But we also know that there’s confusion over what cloud computing actually is, and why there’s such a hullabaloo over it.
So we thought we’d clear the air and outline why we love The Cloud.
Here we go!
1. Faster and cheaper implementation
Traditional PLMs require on-prem deployments, which means that an organization has to invest significant capital expenditure into hardware as well as the expertise to maintain it.
It also means that the PLM provider can charge fat implementation fees to spin up the servers and get the PLM software running, which can take a long time.
In contrast, cloud hosts like Amazon Web Services (AWS), Google, and Microsoft Azure run huge data centres with servers always ready to go, and cloud PLM providers don’t have to build any software — they’re effectively giving users access rather than installing software on a network.
The result is an implementation that is fast, easy, and best of all, cheap.
2. More secure physical environment
There’re a lot of security concerns around cloud hosting. In fact, it remains a primary concern for most businesses. But one thing is for sure — even for large organizations, meeting the security standards offered by major data centres is next to impossible. As standard practice, data centres have:
- 24/7 surveillance, an ID-controlled gate, and posted security guards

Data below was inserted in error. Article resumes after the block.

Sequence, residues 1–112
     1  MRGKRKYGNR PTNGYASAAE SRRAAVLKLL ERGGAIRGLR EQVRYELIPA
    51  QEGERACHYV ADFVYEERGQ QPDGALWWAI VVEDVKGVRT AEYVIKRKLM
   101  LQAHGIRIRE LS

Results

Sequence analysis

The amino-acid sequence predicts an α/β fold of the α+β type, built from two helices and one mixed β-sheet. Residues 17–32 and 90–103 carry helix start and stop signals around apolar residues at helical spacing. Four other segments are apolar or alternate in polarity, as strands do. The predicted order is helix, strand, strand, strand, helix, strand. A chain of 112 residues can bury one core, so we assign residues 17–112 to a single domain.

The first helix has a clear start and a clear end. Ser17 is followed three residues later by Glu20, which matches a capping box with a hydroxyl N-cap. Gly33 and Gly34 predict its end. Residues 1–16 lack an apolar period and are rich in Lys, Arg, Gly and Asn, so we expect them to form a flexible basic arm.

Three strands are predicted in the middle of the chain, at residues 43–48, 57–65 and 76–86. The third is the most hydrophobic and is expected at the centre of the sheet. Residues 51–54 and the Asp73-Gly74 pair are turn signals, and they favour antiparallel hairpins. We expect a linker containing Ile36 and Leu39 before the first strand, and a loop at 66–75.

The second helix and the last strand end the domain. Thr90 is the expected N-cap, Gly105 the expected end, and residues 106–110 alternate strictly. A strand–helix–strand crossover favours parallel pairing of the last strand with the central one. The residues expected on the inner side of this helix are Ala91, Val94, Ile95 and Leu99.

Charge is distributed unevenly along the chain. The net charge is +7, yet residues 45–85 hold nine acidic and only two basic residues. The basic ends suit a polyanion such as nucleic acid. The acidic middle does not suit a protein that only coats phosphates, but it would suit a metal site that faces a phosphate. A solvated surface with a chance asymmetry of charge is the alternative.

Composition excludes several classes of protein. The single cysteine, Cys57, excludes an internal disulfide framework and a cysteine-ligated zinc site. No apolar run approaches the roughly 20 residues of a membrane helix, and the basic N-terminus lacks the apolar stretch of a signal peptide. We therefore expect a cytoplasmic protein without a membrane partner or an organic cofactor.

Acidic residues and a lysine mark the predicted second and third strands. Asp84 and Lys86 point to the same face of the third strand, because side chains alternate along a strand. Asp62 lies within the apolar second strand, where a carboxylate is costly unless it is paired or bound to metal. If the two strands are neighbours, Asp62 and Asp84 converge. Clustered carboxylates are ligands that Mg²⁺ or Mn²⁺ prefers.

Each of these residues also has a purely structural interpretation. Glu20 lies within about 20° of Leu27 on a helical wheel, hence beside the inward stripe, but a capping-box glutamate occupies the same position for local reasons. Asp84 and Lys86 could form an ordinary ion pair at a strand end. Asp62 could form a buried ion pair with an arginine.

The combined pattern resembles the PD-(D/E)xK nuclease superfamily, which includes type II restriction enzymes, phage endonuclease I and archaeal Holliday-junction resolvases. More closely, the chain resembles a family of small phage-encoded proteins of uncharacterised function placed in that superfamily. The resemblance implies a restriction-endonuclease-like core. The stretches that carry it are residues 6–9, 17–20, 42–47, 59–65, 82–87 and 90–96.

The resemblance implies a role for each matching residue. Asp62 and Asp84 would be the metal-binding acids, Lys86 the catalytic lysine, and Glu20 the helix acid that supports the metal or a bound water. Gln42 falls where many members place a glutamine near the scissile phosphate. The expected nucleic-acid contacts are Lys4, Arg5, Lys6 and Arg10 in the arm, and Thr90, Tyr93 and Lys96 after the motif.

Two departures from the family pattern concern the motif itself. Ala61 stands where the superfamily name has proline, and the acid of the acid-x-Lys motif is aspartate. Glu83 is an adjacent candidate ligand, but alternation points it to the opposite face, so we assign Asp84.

- Carefully controlled access to servers
- Tiered security settings, with only the top tier actually getting into where the servers are.
In comparison, organizations will simply put their servers in a basement or under the watch of the IT team, in what are largely unsecured buildings.
3. Easier to scale
Ability to scale up is essential to mission-critical software. As organizations grow, they need to be able to increase their computing power in order to handle more and more users on the network.
Cloud computing does this instantly. Major cloud providers have elastic server structures so that their clients can increase their bandwidth instantly.
What’s more, data centres are constantly spinning up new servers so there’s never a lag between a customer asking for more server capacity and a host providing it.
In contrast, spinning up new servers for either an enterprise or an SMB is both time-consuming and difficult, and it requires further capital outlay that some organizations might not have on-hand.